Crotched Mountain Specialty Hospital Brain Injury Rehabilitation Program
Crotched Mountain Specialty Hospital in Greenfield, New Hampshire, specializes in rehabilitating patients with traumatic brain injury (TBI), brain injuries occurring from non-trauma and spinal cord injury (SCI) conditions. One of the largest TBI centers in the state, Crotched Mountain Brain Injury Center is a 62-bed hospital that has aided in the recovery of brain injury and neuro-rehabilitation patients for more than 20 years. The focus of their treatment program is to successfully rehabilitate patients to the highest level of independence possible, using an individually structured treatment plan that includes the patient's family. The center admits patients who brain injuries due to trauma, stroke or cerebral vascular disorders, brain tumor, infectious and metabolic diseases, and dual diagnosis (brain injury/substance abuse).
Brain injury patients at Crotched Mountain have access to highly skilled and experienced medical professionals, including physicians who specialize in physical medicine and rehabilitation, nurses who specialize in rehabilitation, therapists and other TBI-certified specialists. The hospital provides a unique and effective recovery process for each patient and their family members with its state-of-the-art technology and advanced recovery programs, including speech therapy, occupational therapy, cognitive rehabilitation therapy, physical therapy and independent living skills therapy.
The cognitive rehabilitation program is unique in the New England region. The in-patient cognitive program uses a transdisciplinary group of therapists, including a speech-language pathologist, occupational therapist, social worker, a recreation therapist and a rehabilitation technician, all with specialized licenses and certifications. The program offers individualized services in a group setting to provide training in the foundation skills required for cognitive function. This program is based on substantial research that supports the effectiveness of cognitive rehabilitation for improving attention deficits, memory impairments and functional communication. When necessary, involvement in this program is in addition to other prescribed individual therapies.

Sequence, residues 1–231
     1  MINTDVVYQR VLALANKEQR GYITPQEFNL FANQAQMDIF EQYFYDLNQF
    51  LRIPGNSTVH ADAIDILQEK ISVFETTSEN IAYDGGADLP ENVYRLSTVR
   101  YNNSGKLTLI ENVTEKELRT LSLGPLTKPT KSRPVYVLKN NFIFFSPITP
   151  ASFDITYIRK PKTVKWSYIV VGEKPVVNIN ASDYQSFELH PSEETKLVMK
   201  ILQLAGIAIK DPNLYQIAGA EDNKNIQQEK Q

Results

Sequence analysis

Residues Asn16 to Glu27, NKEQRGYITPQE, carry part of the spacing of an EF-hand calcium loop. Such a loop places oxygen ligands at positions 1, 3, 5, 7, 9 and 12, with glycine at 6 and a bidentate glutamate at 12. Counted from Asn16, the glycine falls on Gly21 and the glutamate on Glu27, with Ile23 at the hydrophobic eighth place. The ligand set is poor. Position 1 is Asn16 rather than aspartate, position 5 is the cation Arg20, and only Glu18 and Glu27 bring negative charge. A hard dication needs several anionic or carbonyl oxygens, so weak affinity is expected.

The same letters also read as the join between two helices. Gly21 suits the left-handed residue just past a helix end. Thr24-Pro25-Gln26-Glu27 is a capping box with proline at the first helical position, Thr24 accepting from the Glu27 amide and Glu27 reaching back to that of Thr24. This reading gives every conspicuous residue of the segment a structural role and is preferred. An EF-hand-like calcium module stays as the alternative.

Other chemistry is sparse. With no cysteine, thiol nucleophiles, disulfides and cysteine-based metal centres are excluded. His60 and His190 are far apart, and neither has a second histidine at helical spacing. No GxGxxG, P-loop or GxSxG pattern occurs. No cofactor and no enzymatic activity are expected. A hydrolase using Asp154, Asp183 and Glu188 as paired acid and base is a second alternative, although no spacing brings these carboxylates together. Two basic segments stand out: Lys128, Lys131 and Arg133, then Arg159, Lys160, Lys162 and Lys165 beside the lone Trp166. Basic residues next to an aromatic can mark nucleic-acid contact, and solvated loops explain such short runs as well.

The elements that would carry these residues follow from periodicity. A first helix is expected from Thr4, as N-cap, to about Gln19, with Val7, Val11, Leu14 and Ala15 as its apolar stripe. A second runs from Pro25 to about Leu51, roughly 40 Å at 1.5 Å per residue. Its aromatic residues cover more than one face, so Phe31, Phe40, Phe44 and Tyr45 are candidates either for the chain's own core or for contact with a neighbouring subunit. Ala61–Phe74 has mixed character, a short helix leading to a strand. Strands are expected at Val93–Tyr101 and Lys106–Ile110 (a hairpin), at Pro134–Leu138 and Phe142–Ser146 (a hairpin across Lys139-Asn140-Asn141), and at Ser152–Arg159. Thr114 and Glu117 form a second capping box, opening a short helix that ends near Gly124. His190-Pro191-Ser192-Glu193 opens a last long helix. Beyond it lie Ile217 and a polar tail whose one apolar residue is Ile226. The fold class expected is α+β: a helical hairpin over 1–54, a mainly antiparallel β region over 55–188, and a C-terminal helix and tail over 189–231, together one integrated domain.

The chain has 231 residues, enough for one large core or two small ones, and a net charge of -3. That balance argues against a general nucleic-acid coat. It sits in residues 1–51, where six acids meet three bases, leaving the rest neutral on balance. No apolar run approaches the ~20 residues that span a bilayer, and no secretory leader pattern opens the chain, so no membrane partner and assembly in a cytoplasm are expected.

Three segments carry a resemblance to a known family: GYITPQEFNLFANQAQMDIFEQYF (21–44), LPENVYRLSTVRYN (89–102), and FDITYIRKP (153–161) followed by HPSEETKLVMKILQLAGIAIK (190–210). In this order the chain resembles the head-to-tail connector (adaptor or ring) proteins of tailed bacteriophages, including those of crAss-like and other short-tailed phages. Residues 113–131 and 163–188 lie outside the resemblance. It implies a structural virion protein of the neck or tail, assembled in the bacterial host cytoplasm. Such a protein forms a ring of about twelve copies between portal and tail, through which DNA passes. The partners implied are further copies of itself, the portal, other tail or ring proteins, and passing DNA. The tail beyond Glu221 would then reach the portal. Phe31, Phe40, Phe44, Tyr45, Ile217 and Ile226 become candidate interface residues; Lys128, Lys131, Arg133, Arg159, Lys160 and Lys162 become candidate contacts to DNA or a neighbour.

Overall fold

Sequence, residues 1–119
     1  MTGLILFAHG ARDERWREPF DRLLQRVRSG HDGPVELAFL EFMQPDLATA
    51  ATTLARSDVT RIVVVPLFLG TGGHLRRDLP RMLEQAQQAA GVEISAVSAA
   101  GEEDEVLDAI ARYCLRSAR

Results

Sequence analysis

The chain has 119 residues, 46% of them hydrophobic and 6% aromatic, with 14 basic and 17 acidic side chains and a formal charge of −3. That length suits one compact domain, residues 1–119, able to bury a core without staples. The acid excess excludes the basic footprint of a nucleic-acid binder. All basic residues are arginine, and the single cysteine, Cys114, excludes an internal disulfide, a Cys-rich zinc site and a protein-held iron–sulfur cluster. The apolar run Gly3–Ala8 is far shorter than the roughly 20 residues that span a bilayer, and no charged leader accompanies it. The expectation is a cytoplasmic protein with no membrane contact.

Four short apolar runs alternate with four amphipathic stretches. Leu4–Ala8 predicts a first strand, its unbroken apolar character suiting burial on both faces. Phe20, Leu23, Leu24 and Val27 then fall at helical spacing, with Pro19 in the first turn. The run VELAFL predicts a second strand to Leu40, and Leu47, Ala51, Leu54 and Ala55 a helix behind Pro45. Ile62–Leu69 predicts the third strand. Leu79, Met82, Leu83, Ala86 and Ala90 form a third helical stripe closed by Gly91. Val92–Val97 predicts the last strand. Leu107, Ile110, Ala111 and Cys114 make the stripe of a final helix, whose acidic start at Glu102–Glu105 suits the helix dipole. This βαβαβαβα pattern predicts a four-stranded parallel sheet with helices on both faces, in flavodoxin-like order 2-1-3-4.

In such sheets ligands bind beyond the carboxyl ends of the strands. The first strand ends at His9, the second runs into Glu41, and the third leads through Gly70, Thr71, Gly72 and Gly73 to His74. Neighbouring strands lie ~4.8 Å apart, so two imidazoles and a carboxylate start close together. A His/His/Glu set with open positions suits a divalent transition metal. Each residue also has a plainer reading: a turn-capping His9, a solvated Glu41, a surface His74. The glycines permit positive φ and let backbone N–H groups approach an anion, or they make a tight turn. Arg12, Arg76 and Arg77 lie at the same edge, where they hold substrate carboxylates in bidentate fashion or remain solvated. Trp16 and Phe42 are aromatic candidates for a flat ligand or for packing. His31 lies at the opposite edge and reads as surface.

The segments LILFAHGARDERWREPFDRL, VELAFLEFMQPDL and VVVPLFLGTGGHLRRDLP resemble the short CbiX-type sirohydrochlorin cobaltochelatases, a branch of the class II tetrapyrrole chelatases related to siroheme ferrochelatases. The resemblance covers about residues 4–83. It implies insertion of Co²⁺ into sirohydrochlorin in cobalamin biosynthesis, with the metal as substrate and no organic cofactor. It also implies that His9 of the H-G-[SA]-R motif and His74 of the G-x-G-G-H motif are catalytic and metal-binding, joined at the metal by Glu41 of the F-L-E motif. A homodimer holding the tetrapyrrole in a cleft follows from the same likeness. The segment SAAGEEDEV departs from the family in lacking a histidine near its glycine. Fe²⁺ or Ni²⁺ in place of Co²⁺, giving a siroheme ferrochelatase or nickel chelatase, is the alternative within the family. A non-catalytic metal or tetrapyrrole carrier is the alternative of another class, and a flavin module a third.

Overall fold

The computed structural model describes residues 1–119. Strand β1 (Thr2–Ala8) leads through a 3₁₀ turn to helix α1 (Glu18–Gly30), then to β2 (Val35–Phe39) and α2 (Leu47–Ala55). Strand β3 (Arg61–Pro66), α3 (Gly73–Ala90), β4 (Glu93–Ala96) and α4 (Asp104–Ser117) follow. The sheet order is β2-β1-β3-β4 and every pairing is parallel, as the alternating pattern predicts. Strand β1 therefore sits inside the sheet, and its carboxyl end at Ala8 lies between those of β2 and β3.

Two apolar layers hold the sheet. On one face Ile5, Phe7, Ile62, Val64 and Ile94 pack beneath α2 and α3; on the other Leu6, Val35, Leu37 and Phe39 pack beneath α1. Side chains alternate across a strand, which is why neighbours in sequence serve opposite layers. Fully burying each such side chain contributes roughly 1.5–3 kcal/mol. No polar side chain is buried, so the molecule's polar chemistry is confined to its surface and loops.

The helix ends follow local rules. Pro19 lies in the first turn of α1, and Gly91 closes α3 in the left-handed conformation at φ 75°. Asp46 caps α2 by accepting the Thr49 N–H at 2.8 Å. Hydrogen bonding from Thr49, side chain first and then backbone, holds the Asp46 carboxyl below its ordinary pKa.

Rocco Chiappini, MD, CBIS, serves as Medical Director of the Crotched Mountain Specialty Hospital. Dr. Chiappini, certified by the American Board of Physical Medicine and Rehabilitation, is highly experienced and a well-known rehabilitation specialist across the state of New Hampshire.
The Crotched Mountain Specialty Hospital is a program of Crotched Mountain, a prestigious charitable organization that has been serving the needs of children and adults with disabilities for more than 50 years. In addition to the hospital, Crotched Mountain's 1,400-acre campus includes a school for children with disabilities, an outpatient clinic, a media center and an athletic complex including lap and therapy pools.
Crotched Mountain employs nearly 800 full-time individuals who provide direct care to more than 2,500 patients every year. In addition to the outpatient center, Crotched Mountain provides residential care and care management services to adults with disabilities who wish to remain in their homes, an alternative to nursing homes. Crotched Mountain has also developed housing for adults with disabilities in several locations in New Hampshire and surrounding states.
The Crotched Mountain staff works hard every day to rehabilitate children and adults whose lives are being affected by traumatic and difficult disabilities. Through comprehensive treatment programs, including rehabilitation, education, recreation and vocational opportunities, the hospital's rehabilitation teams are able to prepare their patients for life beyond the campus of Crotched Mountain.
To refer a patient with TBI or other neuro-rehabilitation and cognitive needs to Crotched Mountain Specialty Hospital or to learn more information about TBI treatment, please call (603) 547-3311 or visit their Web site at www.crotchedmountain.org.
[Last revision: November 2009]